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Its funny but as I write this I remember spending several hours mulling over the title for last years UK dine to save a life event..

I think theres a bit of me thats still uncomfortable asking people for money so I wanted the event to sound very up beat. Some charities have a habit of making the fundraising process quite depressing with there images of naked children and sombre music tracks. But YWAV arent like that, they are very positive and celebrational in the success of their projects.

One point of Interest is in the very different ways that John and I work. I tend to go for a less is more approach whereas I think John tends to write out 6 thousand word proposals in his sleep! And he is quite a demon at marketing... I think he could show some British charities a thing or two. Chow down for children was quite a simple premise, eat food, and invite your mates around. And give some money to your host who will give that money to YWAV.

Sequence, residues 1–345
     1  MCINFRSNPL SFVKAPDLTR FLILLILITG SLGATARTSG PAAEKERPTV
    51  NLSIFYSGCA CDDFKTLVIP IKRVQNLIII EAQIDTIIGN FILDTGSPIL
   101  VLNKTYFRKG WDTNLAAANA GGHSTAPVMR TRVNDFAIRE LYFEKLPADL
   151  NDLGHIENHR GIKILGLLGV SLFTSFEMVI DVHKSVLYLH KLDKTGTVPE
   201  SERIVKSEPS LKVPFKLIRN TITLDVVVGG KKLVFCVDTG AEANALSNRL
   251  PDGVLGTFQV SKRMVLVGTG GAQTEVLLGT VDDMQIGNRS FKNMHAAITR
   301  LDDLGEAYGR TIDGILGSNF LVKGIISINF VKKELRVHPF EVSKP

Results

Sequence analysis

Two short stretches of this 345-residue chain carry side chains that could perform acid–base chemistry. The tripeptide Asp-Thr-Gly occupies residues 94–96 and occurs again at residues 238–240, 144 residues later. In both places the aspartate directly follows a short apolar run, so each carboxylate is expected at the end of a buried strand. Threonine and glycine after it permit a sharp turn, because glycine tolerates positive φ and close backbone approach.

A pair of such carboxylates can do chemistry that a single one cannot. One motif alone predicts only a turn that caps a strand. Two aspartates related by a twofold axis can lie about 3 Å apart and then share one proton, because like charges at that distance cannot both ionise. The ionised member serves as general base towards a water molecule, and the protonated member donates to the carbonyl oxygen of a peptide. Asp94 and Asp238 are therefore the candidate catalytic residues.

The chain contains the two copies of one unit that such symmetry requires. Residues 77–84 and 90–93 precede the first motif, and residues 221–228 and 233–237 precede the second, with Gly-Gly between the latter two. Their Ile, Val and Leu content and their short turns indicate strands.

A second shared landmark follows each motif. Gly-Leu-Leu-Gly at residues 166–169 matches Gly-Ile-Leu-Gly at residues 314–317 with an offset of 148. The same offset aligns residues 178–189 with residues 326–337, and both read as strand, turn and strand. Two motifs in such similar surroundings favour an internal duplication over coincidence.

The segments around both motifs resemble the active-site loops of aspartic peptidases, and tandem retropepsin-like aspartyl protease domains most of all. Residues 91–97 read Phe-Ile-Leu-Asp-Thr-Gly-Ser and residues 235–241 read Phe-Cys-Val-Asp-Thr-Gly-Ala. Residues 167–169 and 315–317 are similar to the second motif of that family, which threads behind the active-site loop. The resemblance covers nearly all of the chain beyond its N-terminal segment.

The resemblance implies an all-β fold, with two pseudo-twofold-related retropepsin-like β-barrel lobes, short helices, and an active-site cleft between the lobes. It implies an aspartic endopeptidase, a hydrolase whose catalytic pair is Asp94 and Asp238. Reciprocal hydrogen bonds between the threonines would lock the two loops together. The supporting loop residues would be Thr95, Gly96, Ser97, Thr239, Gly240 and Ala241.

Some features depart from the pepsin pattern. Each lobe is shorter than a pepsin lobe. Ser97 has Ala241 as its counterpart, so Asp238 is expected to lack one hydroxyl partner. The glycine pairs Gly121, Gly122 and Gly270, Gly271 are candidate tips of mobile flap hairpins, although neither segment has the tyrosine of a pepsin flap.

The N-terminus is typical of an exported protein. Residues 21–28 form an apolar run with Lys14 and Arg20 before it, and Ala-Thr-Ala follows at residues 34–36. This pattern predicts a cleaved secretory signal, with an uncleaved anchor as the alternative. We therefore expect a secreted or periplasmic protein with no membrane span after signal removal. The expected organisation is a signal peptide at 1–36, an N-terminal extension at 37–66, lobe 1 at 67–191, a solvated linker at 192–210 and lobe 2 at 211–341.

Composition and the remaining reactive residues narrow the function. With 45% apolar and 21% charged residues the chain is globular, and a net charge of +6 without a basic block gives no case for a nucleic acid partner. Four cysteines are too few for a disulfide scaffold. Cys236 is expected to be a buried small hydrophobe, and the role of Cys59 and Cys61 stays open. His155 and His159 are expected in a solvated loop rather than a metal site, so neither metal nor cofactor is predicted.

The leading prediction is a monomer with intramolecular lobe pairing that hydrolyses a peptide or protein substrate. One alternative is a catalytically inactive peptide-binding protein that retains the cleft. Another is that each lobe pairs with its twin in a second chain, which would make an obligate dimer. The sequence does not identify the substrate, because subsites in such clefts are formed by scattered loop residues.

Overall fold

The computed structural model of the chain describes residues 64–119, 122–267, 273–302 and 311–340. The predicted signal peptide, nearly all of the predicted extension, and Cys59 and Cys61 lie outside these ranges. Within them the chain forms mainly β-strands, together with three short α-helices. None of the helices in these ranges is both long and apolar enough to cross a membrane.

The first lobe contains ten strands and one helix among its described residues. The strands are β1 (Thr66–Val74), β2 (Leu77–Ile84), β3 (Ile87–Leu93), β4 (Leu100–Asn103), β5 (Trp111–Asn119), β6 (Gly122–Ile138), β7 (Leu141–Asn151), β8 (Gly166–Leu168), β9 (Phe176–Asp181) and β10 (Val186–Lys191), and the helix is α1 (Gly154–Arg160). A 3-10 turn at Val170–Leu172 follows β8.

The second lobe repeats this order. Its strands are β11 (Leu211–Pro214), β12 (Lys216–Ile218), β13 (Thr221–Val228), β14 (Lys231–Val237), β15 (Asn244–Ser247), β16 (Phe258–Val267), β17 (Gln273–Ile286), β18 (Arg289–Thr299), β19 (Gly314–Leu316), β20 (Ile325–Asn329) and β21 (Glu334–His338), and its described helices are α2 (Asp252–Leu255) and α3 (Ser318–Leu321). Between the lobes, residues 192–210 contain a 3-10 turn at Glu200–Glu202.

I tried to stress that this meal could be a banquet or could be a fish finger sandwich. It didn't have to be anything grandiose. The important thing was breaking bread with your mates or family and helping children who didn't have such families to feed them in Uganda. But this is where I hit problems... This was about the time when the UK was going through a crisis with its culture of dining.


School meals were vilified for their high-fat contents and super Chefs were selling millions of books while the TV schedule showed programmes every night about how not only to cook good food but impress your friends and family. So there was an increase in the way people in the UK were viewing food and there was huge snobbery about which foods were cool (mostly expensive and organic) and which were not. So I found that the Chow Down for Children project while being simple and straightforward, also brought out peoples neurosis about the trendy-ness of their dinne